Cross-posted at Docere Est Discere
As a part of my current degree program, I am currently enrolled in a class entitled “Applying Writing Theory” in which we study various rhetorical and writing theories, including some discussion of grammar specifically. Today, we covered the first two chapters of a book entitled “Ten Lessons in Clarity and Grace,” the first on avoiding confusing language (which reminded me of the amusing saying, “Eschew obfuscation“) and the second on correctness. The latter got me thinking about two fairly different subjects: language and morality. The stimulus for this idea is a stray thought about two major (if not the only) schools of thought on linguistics, prescriptivism and descriptivism. It occurred to me that linguistic prescription can thought to be a moral maxim related to language, whereas description does not purport to exert any moral obligations on individuals. Compare the following statements:
- Correct language ought to conform to a universal standard for the language.
- Correct language is intelligible to the intended audience.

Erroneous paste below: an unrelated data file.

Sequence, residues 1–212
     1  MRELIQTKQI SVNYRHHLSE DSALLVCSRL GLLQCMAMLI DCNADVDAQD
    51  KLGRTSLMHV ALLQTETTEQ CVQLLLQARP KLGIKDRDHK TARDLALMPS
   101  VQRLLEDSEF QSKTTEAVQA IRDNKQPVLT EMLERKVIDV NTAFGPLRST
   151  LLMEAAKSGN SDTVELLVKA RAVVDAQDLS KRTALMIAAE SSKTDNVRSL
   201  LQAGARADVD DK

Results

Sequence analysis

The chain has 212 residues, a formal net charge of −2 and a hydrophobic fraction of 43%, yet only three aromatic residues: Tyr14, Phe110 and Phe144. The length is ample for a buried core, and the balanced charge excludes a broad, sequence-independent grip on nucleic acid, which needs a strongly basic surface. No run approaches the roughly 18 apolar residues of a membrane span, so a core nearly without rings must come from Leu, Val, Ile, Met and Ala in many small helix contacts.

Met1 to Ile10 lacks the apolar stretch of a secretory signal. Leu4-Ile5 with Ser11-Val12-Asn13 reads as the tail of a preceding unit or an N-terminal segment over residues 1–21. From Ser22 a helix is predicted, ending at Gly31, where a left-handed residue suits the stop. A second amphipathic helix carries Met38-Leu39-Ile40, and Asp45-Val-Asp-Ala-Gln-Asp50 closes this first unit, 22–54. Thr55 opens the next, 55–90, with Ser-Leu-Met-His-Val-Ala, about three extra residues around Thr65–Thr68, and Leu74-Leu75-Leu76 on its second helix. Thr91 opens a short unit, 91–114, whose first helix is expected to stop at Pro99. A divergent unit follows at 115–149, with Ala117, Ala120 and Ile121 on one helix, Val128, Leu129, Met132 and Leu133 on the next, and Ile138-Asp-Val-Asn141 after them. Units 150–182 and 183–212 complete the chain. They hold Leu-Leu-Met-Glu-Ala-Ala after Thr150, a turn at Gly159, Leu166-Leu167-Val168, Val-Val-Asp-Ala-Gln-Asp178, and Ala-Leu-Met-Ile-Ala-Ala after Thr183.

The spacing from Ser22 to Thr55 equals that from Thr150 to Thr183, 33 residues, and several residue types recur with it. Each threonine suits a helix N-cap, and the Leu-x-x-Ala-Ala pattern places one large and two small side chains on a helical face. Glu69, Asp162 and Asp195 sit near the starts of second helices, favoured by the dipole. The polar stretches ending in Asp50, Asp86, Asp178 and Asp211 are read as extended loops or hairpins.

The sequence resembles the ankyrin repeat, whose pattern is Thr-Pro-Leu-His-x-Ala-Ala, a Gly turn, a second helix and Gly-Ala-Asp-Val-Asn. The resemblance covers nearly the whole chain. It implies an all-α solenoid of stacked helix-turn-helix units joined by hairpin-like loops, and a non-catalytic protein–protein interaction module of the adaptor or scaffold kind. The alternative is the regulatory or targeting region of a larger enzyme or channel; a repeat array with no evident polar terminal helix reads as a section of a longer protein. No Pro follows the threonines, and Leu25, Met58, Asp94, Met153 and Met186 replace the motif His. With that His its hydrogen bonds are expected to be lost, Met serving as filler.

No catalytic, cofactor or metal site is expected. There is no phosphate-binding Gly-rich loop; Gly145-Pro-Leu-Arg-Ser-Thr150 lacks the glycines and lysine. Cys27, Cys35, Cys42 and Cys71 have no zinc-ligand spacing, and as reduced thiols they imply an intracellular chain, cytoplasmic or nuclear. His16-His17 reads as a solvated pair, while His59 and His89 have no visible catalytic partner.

The first statement is clearly moral: it speaks of what language ought to be. The second, conversely, is not, since it talks about what is rather than what ought to be. It is my contention that the former statement is a representative statement of prescriptivism and the latter of descriptivism. This answers one very important question rather parsimoniously: why some people are so adamant about using “correct” (read: socially acceptable) language. If correct language use as described in the prescriptive statement is seen as an obligation, then it’s no wonder that (as often happens with moral stances) those who do not comply are teased, ridiculed, and shunned by some individuals. (This isn’t even a relatively new trend; Augustine admonishes his audience in his Confessions about shunning a person who doesn’t pronounce the initial aspirate ‘h’ in ‘human.’ I assume since that’s the translation that Augustine, a Latin-speaker, would have probably been referred to the word hominem, and a cursory glance at the Latin text seems to confirm this.) Where I think the moral compulsion toward language fails is that language only requires a small degree of standardization within dialectic and social language groups. The ordinary person’s understanding of language is very flexible, and it is largely foreign vocabulary and syntax that will confuse the outsider of any group. The idea of standardizing language goes against the linguistic history of English at least and a number of other languages in all probability; development happens over time from the bottom-up, and it is never static by pressure from above. I would bet that a case could even be made for the developments that English and other languages have undergone as language has become more democratized: people have to use people for the public, not expect the public to conform to the language they send out. Language only needs to be what it is: a way to communicate and express oneself in a way that is intelligible to others. The ‘other’ is important, but it is such in a way that does not require a great deal of standardization in the pedantic way that some wish. When we understand this, we will start to lighten up on our grammatical admonishments.